If you send HTTP 200 back to me when one of my requests fails, you failed. The status code you set is the only bullet proof way for me to reliably know what happened. Something may have blown up on your side resulting in the returned response being anything but what I expect, a status code of 500 lets me avoid a maze of possible exceptions. For practically anything your API would want to tell me, there is a HTTP response code, even if your API suddenly decides it’s a teapot.
Do offer a well written and maintained SDK, or none at all
It’s great if you offer libraries in many languages to interact with your API, but do you really have the bandwidth and expertise to handle that? If I’m getting started with your service using Python and the first thing I see is a bunch of unhandled exceptions, my confidence is not going to go up. If your libraries don’t have tests, tickle deprecated language features, leak memory or otherwise suck, drop them and put your effort into better implementation, documentation and examples. Making HTTP requests and interpreting the results is stupid easy if you’ve focused on your endpoints and responses, I don’t need a library if you’ve done your job well. If your service is at least not painful to use, experts in various languages will probably give you well written client code to pass onto others.
Do encapsulate transport and method logic separately
HTTP has this thing called headers, they’re awesome. Clients and servers can set them to indicate meaningful things that both parties understand such as authentication data, reusable request tokens and other meta data like how many requests a client has left for a certain period of time. Keep that meta data separate, the actual request / response body should be exclusively used for the business logic of whatever method is understood by both sides.
Do offer a sandbox that precisely mimics production
Don’t make me change my connection string to just test my understanding of a request. Let me flip a header or field to tell you that I just want the request evaluated. I understand that my newly created thingamadongdong wasn’t really created, and that’s fine. I just wanted to make sure I got the details correct. Be consistent, because I’m now going to write tests against this.
Do be explicit in error reporting
Nothing is more frustrating than having a request fail, fixing whatever the error described and then getting a shiny new error in return. Cryptic errors don’t help anyone. Tell me exactly what things I did incorrectly so I can fix them. I’m not saying you shouldn’t use codes that are easy to fetch from a dictionary, of course you should. I’m just saying be human friendly too.
Do not establish prerequisites that can’t be met with a call
Don’t make me e-mail you just to whitelist an IP address so I can make requests. That just makes me wait until you wake up and actually do it, when I could have been doing more productive things. If you can’t let me manage that sort of things via the API once authenticated, at least give me some sort of self service facility to do it. Other than staying within your terms of service, I should not need your permission for anything.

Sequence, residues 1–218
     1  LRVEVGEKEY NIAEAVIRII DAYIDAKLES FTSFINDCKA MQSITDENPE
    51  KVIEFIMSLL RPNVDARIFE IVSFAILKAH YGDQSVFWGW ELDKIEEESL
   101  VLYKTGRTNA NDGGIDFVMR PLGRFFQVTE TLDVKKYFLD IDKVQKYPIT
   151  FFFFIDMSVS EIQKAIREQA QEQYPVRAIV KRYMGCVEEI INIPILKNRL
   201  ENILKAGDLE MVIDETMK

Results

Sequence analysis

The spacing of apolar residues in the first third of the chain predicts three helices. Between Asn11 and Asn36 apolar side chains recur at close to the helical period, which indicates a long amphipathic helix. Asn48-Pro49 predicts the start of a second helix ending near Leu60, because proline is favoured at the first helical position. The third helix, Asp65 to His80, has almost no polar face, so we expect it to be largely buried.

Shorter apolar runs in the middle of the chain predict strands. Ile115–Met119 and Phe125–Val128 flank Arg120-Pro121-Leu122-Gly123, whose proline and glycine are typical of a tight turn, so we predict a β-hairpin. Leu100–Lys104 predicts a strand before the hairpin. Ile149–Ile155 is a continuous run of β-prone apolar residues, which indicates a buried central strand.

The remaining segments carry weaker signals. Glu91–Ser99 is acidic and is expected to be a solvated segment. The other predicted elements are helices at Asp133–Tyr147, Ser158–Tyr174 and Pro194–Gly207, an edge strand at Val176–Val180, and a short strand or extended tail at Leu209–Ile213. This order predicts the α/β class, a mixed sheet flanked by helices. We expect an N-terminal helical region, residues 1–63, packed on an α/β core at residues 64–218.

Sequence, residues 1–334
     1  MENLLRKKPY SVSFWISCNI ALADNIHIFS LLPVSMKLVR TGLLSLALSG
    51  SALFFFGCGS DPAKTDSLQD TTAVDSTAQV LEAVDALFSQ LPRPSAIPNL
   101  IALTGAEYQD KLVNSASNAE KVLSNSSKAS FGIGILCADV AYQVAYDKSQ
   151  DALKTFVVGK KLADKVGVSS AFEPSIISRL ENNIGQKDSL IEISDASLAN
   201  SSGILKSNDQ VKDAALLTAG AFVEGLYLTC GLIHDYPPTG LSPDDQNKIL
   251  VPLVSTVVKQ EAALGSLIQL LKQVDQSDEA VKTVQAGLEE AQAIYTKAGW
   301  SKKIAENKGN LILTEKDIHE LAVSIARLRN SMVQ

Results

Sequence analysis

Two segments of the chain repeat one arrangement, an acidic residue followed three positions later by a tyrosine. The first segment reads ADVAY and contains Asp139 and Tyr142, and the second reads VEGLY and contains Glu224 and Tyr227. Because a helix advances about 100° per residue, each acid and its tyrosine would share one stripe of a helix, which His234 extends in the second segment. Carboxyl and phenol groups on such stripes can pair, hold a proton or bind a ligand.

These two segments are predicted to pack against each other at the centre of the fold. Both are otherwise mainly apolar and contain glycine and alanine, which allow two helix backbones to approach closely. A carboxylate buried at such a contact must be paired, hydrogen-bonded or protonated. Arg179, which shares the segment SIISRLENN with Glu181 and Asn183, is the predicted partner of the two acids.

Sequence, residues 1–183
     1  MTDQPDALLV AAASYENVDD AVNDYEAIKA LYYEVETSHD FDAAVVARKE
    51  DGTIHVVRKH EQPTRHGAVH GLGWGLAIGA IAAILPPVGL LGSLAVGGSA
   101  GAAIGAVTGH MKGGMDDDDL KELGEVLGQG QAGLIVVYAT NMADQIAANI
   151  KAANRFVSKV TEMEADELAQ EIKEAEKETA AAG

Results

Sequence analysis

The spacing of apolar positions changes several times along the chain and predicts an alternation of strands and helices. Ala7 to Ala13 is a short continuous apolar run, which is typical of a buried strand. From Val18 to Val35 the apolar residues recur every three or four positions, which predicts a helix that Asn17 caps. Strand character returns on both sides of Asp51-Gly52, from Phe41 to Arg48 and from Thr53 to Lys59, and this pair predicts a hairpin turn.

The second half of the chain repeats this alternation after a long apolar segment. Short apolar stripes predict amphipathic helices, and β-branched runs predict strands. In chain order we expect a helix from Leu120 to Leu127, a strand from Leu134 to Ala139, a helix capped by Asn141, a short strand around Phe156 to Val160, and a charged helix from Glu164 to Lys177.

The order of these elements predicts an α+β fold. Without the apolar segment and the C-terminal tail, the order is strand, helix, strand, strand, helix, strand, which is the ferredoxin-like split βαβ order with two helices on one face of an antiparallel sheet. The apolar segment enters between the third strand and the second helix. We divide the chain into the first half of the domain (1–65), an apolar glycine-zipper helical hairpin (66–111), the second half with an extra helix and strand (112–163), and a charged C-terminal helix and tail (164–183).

Do not charge me without a programmatically retrievable paper trail
Many people complain about this. Even though you’ve gone through great lengths to give me a proper sandbox, verbose error reporting, standard HTTP responses, separation of transport and method logic and great documentation, I’m going to have bugs. Sometimes, those bugs are going to cost me money. Allow me to retrieve a journal of everything that I paid for, starting from day zero absolutely free. In fact, offer use of this method a sensible number of times each day in a way that it does not count against any request limit you impose.
Do not send e-mail to my customers unless I specifically tell you to do so.
This is a no brainer. If I’m creating or modifying an object that requires the e-mail address of my customer, let me be the one to decide if they should be annoyed with an e-mail or not. Tell me if the request worked, what went wrong if not and let me take it from there. The exception to this is when you must do some kind of validation on your end, for instance gathering verification data to issue a certificate. Still, give me as much control as possible over the process.
Do pick a character set and stick to it
This should go without saying. Unfortunately, all too often, it doesn’t.
Do eat your own dogfood
Normalization – you need to know what this means. You need to understand that I’m probably mixing your responses with lots of other ingredients and probably storing the results on my end. How easy is it to take your responses and get them into a database in 3NF? I reiterate, don’t make me keep iterating. Use what you build so you can make it better. Are your responses consistent enough to be conveniently stored without much additional effort?
Do your best to support me and listen to my feedback
If I ask you how to list my frobulated thingamadongdongs grouped by fuzzywidget dependencies, don’t tell me that it’s simply not possible. Take a minute and figure out what I must be trying to accomplish and offer suggestions on how I could go about it in a better way. Test your solutions before you hit the send button, never say Try setting A to B and see if that helps.
I’m finally publishing this as I wind down my initial hurdle in preparation of launching the thing that consumed most of the last year of my life. What gets me is, even though I pulled it off – it took a year just to build a platform where we could really begin to do interesting things. If this read like a series of anecdotal rants collected over time – that’s exactly what it is. It used to contain the names of the not so innocent, but I decided to take them out.
If I had access to even halfway correct documentation, I’d be telling you about some spiffy new thing that would make your life easier by now. Really, though – who deserves the blame here? The people that write crap, or the people that consume it quietly? If we continue to tolerate, and sometimes honor mediocrity, we short circuit the quality we deserve. As I said in the beginning, we have ourselves to blame for tolerating crap.
If you got this far, thanks for reading.